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Chinese marine surveillance ship Haijian No. 51 (R) cruises next to a Japan Coast Guard patrol ship, Akaishi, in the East China Sea near the disputed isles known as Senkaku isles in Japan and Diaoyu islands in China, in this handout photo released by the 11th Regional Coast Guard Headquarters-Japan Coast Guard February 4, 2013. (Photo; REUTERS/11th Regional Coast Guard Headquarters-Japan Coast Guard/Handout)
Image: Reuters

East China Sea timeline

April 10, 2013


July - In the Potsdam Declaration, the US, UK and China agree on the terms of a Japanese surrender. It is agreed that Japan must return all the territories it had occupied in China (such as Manchuria, Taiwan and the Pescadores Islands) after the Allied victory. The Senkaku Islands are not specifically mentioned.


September - The Treaty of San Francisco, which officially ends the occupation of Japan by the victorious powers and returns sovereignty to Japan, does not mention the Senkaku Islands. The People's Republic of China, the Soviet Union and India refuse to sign the document.

Like Okinawa, the Senkaku Islands are initially administered in trust by the US. The United States pays rent to a private owner, as it uses the islands for target practice for bombers. This is an implicit US recognition of Japanese sovereignty over the islands.


May - Okinawa prefecture erects a marker on the main island of the Senkaku group to emphasize Japan's territorial claims. Neither the People's Republic of China nor the Republic of China (Taiwan) protests.

Both Chinas only lodge claims when Japanese scientists discover an underwater oil field in the vicinity of the islands.


Washington returns Okinawa and the southwestern islands, including the Senkaku Islands, to Japan. Since the Nixon administration is also negotiating with China at this time, the US is noncommittal on the status of the islands, leaving the question of ownership open.


In negotiations on a peace treaty between Japan and China, both sides agree, as in 1972, to set aside the question of the islands.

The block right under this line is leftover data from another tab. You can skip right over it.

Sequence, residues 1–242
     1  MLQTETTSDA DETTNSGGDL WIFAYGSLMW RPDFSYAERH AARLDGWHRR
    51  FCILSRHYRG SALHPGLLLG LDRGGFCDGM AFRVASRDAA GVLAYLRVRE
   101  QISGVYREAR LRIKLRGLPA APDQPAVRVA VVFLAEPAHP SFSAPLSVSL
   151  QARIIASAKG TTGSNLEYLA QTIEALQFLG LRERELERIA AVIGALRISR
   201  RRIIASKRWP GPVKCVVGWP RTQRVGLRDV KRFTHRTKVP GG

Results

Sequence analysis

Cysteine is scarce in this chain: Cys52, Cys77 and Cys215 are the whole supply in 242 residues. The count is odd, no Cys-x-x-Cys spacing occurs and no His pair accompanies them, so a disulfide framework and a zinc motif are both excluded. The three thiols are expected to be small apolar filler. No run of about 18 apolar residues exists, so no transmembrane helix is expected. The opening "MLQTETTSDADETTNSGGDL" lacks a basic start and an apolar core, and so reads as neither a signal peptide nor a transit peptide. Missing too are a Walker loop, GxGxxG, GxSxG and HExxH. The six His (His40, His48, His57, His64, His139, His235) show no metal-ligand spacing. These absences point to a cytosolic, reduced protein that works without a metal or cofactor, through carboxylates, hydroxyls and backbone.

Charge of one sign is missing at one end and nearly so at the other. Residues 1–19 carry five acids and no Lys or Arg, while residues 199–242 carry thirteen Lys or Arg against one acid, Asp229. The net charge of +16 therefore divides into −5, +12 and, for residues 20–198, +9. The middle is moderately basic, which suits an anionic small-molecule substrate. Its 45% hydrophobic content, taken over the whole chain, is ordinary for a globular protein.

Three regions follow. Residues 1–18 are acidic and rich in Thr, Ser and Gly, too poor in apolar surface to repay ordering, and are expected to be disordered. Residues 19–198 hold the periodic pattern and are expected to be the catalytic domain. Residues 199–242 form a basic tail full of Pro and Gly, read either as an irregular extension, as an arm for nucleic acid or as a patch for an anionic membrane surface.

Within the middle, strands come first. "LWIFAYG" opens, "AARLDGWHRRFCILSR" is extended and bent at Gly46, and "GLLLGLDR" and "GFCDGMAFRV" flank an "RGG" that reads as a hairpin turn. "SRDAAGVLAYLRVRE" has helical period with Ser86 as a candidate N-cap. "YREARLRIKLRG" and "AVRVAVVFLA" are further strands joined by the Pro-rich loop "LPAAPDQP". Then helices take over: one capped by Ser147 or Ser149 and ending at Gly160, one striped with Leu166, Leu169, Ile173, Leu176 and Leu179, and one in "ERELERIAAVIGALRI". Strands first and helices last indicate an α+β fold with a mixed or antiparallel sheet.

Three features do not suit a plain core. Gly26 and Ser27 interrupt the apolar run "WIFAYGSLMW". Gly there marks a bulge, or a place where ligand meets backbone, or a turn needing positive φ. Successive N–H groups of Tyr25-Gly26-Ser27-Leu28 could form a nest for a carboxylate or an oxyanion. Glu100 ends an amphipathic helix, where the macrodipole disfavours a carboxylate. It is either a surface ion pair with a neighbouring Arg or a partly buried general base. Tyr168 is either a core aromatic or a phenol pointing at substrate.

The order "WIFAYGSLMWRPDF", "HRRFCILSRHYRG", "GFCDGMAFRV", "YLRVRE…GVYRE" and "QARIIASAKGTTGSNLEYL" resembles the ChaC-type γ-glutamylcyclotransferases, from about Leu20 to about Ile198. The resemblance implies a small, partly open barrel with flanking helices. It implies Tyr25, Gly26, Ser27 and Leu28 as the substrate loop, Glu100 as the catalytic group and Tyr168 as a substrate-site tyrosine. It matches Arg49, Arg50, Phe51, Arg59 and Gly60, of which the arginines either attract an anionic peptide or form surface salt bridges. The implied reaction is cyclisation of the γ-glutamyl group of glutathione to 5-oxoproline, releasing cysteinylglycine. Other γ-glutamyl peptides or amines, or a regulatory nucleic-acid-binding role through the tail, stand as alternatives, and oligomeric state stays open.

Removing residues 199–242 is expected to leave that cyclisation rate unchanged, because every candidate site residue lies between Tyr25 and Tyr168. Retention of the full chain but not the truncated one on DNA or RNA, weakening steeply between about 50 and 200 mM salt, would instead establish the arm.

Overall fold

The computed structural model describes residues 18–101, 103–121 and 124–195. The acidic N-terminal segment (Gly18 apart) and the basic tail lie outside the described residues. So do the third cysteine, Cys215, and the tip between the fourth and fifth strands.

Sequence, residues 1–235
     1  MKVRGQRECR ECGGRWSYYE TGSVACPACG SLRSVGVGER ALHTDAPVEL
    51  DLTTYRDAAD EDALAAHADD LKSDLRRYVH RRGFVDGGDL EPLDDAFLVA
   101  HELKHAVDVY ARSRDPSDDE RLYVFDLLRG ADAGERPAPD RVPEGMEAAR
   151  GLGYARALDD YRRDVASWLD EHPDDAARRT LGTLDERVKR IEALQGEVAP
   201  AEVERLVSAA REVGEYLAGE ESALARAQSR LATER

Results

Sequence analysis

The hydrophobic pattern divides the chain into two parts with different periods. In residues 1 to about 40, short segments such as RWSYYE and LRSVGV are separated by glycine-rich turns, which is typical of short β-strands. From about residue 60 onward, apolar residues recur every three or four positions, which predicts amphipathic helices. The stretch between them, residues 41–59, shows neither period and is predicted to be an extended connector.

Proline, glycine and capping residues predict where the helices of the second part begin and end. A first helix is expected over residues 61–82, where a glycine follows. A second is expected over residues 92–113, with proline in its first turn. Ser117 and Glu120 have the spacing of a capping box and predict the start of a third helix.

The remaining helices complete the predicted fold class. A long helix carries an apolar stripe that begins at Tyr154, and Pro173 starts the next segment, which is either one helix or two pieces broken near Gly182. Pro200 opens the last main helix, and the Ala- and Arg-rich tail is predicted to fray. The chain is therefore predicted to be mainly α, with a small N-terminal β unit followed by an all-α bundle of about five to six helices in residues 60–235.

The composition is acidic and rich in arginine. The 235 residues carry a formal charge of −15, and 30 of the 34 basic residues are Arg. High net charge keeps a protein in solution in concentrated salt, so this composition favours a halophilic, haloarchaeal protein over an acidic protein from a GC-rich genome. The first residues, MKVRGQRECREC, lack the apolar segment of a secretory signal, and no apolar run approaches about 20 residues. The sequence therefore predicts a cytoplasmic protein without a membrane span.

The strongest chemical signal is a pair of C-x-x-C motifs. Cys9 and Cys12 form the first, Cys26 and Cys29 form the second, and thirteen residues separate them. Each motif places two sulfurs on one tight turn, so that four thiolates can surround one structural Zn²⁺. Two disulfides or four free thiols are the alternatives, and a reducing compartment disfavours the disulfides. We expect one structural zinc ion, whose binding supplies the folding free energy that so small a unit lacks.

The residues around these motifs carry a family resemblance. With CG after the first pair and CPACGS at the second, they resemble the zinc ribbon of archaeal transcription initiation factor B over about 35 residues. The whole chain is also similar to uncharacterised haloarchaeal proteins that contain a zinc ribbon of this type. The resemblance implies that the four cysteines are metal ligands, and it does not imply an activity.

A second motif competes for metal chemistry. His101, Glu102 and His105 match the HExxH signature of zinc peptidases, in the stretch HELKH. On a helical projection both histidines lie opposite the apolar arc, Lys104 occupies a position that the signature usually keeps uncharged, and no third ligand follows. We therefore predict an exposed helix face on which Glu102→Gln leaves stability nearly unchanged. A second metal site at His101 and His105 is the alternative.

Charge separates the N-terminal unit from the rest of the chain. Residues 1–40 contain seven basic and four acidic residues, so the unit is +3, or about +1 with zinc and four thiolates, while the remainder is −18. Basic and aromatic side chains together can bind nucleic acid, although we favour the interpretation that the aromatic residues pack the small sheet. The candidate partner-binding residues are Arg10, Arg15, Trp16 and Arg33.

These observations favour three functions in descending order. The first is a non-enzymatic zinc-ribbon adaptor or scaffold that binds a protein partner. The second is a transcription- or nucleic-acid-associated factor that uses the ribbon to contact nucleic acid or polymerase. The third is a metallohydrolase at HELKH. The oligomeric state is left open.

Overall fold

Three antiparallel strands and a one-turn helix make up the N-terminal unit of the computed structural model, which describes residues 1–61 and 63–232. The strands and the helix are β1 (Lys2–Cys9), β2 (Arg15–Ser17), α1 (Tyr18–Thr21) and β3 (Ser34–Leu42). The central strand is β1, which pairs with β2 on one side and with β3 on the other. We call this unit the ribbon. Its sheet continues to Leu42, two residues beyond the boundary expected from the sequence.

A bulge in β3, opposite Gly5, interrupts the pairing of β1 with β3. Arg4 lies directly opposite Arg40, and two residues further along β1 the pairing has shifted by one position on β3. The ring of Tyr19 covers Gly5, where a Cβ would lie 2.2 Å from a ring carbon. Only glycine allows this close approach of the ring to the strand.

April - Between 80 and 140 partly armed Chinese fishing boats enter the disputed waters of the Senkaku Islands. The Chinese fishermen display posters that express a claim to the islands.


China and Japan join the United Nations Convention on the Law of the Sea (UNCLOS).

Japan's nationalist youth organization builds a lighthouse on one of the disputed Senkaku Islands. A group of Chinese people departs Hong Kong to tear it down. When the captain of the ship reverses course because of an approaching storm, some activists jump overboard. A young man drowns and is the first "martyr" of the island dispute.


January - Japanese security forces fire water cannon on Chinese fishermen near the Senkaku Islands, injuring one.


September - A Chinese warship is discovered near a disputed gas field.

A vessel of the Japan Coast Guard finds two Chinese patrol boats that have spent more than nine hours in Japanese waters.

At the controversial Chunxiao gas field northeast of the Senkaku Islands, Japanese planes spot five Chinese vessels, among which is a destroyer.


October - A submarine of the People's Liberation Army of China pursues the US aircraft carrier Kitty Hawk in the East China Sea.


April - Ten Chinese warships carry out a naval exercise to ward off submarines in the Strait of Miyako, northeast of the Senkaku Islands.

September - A Chinese fishing boat rams a Japan Coast Guard boat.


March - A helicopter of the Chinese fishery authorities buzzes and obstructs a Japanese destroyer near a disputed gas field.

August - Chinese fishery patrol boats penetrate the 12-nautical-mile zone surrounding an island in the Senkaku group claimed by Japan.

November - The Japan Coast Guard arrests a Chinese fishing boat captain after a pursuit in the Goto Islands, south of the main Japanese island Kyushu.


March - The Japanese Parliament gives names to 39 previously nameless islands in the Senkaku group and adjacent islands. The People's Republic of China responds promptly with its own names and descriptions for a total of 70 islands in the region. Taiwan also rejects Japan's naming.

April - It becomes known that conservative hard-line Tokyo Governor Shintaro Ishihara is negotiating the purchase of eight of the Senkaku Islands with their private Japanese owner.

September - The Japanese government buys three of the Senkaku Islands also claimed by China and Taiwan from their Japanese owner. It wants to forestall Ishihara's initiative and defuse the affair. Nevertheless, the move results in massive protests in China.

Dozens of Taiwanese fishermen and coast guard vessels approach the Senkaku Islands in a convoy. The Japan Coast Guard uses water cannon to try to stop the fleet. The Taiwanese fleet ultimately turns around.

December - A Chinese surveillance aircraft enters the airspace over the Senkaku Islands. According to Japanese statements, this is the first such incident since 1958. Japan sends eight F-15 fighters.


January - Multiple Chinese aircraft penetrate the airspace over the Senkaku Islands.

February - Japan lodges a protest because a Chinese frigate has allegedly locked its fire control radar onto a ship of the Japanese Maritime Self-Defense Force. China denies the allegations.